While doing so, she runs across a mysterious old woman who basically pushes a book called "Instructions for Dancing" into her hands. And while Evie has no interested in learning to dance, she finds herself heading to a nearby dance studio (whose address is written in the book). There, still on impulse, she enrolls in a class and meets X who proves to be the perfect dance partner. After much practice and a lot of getting to know each other, the two of them compete in a local dance contest.
But as happens often in Nicola Yoon's novels, there's a parallel more fantastic story. After meeting the old woman, Evie starts having visions; foreseeing the future of relationships. If she sees a couple kiss while they are in love, she can see the course of their relationship all the way until its end. Needless to say, none of this helps dissuade Evie from her conclusion that all relationships end up badly. To escape from these visions, she tries to avoid seeing any of her friends together. And when she and X start developing feelings for each other, Evie is terrified of what she will find if they ever kiss.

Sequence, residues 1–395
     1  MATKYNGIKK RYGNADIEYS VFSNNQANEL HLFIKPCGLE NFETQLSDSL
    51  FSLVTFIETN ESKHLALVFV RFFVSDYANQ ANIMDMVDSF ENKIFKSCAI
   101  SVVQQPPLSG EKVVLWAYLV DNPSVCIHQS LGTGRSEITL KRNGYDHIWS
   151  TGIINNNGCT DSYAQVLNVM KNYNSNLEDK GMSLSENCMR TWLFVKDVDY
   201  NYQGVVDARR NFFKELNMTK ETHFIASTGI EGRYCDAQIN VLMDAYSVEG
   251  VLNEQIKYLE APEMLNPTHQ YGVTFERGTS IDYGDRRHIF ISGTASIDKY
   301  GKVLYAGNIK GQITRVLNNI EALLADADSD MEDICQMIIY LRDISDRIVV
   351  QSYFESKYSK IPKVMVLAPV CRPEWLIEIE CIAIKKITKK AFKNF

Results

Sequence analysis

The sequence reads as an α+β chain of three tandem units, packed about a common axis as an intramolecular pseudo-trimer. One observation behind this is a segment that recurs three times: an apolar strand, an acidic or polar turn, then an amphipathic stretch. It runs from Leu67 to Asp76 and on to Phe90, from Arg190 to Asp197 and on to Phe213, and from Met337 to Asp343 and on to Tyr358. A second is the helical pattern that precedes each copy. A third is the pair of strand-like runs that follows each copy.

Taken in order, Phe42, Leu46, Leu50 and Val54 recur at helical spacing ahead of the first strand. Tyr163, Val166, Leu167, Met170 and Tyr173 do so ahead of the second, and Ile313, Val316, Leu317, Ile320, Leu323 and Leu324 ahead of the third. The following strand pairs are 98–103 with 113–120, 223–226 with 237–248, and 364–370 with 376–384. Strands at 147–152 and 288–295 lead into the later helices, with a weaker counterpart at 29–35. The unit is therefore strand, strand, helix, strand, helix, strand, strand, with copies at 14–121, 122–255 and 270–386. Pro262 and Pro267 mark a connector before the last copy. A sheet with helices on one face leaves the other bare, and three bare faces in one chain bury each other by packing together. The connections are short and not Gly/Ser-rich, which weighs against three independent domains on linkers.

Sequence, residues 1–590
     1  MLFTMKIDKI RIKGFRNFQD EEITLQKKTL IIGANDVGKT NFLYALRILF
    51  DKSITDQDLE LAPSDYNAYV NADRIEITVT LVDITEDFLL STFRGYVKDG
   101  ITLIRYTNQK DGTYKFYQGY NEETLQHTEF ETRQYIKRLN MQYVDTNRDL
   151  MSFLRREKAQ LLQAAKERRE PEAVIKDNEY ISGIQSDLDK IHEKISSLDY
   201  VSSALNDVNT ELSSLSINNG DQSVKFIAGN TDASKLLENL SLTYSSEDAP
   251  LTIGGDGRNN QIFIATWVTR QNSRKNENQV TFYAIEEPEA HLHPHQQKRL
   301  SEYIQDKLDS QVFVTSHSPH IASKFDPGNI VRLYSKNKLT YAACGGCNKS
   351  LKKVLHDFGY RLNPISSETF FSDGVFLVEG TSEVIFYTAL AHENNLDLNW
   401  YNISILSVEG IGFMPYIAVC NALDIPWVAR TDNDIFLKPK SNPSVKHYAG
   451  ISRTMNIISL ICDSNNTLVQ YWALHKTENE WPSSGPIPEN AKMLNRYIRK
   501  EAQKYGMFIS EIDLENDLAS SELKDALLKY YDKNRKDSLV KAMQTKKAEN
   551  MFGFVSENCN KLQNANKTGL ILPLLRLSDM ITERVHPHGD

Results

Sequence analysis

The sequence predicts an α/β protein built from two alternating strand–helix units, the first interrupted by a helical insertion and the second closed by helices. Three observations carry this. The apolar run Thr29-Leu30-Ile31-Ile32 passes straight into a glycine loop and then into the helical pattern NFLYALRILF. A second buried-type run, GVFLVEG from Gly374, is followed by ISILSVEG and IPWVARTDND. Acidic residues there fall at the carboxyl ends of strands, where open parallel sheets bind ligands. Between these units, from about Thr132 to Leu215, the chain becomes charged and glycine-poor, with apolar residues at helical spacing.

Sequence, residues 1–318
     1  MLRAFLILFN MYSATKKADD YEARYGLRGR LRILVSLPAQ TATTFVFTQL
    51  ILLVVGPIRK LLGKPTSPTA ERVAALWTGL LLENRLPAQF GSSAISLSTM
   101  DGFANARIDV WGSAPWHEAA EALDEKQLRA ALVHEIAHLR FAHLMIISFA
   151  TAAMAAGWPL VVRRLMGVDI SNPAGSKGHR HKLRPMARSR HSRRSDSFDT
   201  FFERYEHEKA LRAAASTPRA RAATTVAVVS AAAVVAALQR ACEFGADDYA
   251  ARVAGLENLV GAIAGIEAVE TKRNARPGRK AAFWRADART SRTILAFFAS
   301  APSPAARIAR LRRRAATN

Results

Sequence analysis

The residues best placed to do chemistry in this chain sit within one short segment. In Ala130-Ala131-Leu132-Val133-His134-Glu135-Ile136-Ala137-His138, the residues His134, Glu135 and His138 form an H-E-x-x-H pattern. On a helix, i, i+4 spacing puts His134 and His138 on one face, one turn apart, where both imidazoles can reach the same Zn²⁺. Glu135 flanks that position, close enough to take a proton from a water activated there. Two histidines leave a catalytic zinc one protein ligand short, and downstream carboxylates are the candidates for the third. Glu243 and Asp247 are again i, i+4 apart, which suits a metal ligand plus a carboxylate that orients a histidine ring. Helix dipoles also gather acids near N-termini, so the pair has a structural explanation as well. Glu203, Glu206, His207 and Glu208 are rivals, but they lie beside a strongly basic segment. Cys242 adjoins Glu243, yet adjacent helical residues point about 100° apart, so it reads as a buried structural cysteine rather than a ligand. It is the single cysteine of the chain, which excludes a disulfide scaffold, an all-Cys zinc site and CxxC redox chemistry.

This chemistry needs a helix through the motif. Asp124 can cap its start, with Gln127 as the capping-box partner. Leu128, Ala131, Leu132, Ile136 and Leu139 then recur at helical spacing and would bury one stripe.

The dual storylines are Yoon's trademark and I'm afraid to say that I'm not really a fan of them. The approach worked in Everything, Everything but proved a burden in The Sun Is Also A Star. Here, we're more in the latter camp. Unlike a subplot which would simply divert attention, the two threads here are really co-equal and distracting. Is this a story about learning to dance (in all of its literal and figurative senses) or is it about grappling with the ability to let go? It's actually both and while the two ideas overlap and interrelate, there is a competition between them. At any given time, one of them is being neglected. The rushed ending (for both threads) doesn't help either.